Arvind Kejriwal’s first shot at participatory democracy through a Janata Durbar to hear and address people’s problems might have begun in failure. A rattled Kejriwal has now junked the Janata Durbars, perhaps prematurely. An important distinction needs to be made between an idea and its execution. Kejriwal and his Aam Aadmi Party’s initial response on Saturday was to reaffirm their faith in the idea of participatory democracy even while admitting that they had not gauged the overwhelming response and consequent melee at the Janata Durbar. In fact, Kejriwal can take heart from the good turnout at the event. It underscores the grievances people harbour against an unresponsive bureaucracy and the hopes they vest in the electoral process and political representatives. Among the petitioners were those complaining of unresolved issues involving various state departments and municipal bodies and, ironically, even government workers seeking regularisation of contract jobs.
Those critical of the Janata Durbar have asked Kejriwal and team to get on with the job of governance instead of wasting time on the streets. Others have slammed the effort as populism with an eye on votes. But the idea is neither novel nor untested. In Kerala, Chief Minister Oommen Chandy owes his political survival — despite facing bruising allegations in the “solar” scam – to his immensely popular mass contact programmes held regularly in each of the 14 districts in the state. Orders issued by the Chief Minister have provided much succour to those seeking financial help to repay loans and get medical treatment, landless households, farmers who lost their crops due to inclement weather, and a host of other issues which would otherwise have required endless rounds of village, block, district and state government offices. The Chief Minister is aided by a bevy of bureaucrats, party workers, and state ministers who also attend to the grievances and make notes to help Chandy take a quick on-the-spot decision. Perhaps, Kejriwal could have taken a leaf out of Chandy’s book and organised the Janata Durbars at stadiums and in a district-wise manner.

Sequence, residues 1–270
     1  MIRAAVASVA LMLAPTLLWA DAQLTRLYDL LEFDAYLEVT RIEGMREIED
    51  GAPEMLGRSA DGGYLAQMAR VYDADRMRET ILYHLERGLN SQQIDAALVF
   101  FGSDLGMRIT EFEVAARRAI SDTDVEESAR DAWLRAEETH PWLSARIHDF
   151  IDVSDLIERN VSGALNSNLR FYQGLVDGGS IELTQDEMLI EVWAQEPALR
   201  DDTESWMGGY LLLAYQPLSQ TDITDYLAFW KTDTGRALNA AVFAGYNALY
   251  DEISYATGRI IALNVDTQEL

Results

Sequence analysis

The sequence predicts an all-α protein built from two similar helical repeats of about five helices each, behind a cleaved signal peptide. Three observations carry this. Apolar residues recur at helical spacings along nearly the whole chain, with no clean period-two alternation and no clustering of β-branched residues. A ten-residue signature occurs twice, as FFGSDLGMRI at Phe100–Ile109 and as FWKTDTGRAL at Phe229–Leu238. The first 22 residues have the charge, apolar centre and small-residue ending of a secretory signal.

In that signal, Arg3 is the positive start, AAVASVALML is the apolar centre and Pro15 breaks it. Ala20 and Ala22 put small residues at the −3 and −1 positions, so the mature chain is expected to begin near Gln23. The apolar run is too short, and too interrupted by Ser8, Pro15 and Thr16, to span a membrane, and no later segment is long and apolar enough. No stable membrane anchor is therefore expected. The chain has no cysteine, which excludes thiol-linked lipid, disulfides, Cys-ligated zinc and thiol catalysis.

While these mass contact programmes and Janata Durbars become a forum for redress of individual grievances rather than larger civic, social or public problems, the complaints can help point to critical lacunae in governance or help devise new work flows and processes in government that cuts red tape. For a party committed to bottom-up approaches, the objective should be to initiate systemic reform rather than alleviate individual problems. When governance improves, complaints should reduce. That the AAP’s approach to governance was in sync with people’s aspirations is evident from the tremendous response to its anti-corruption helpline. For a change, a government has viewed corruption as its problem rather than the people’s. How the AAP government acts on the bona fide phone calls it received and takes exemplary action against officials demanding bribe could provide a model for the rest of India to act on.
At the heart of participatory democracy is the decentralisation of governance. This will involve taking people into confidence regarding developmental activities in their neighbourhood and enabling them to take decisions. Post-independent India has been inevitably drifting towards empowering the citizen through legislations that recognised panchayati raj institutions (73rd Constitutional Amendment Act, 1993), the extension of panchayats to scheduled areas (PESA Act, 1996), and the rights-based legislations for information, education, employment, land acquisition and forest-dwellers. What was missing was a political party overtly pushing the participatory agenda; the AAP seems to be filling this space that other parties missed out on.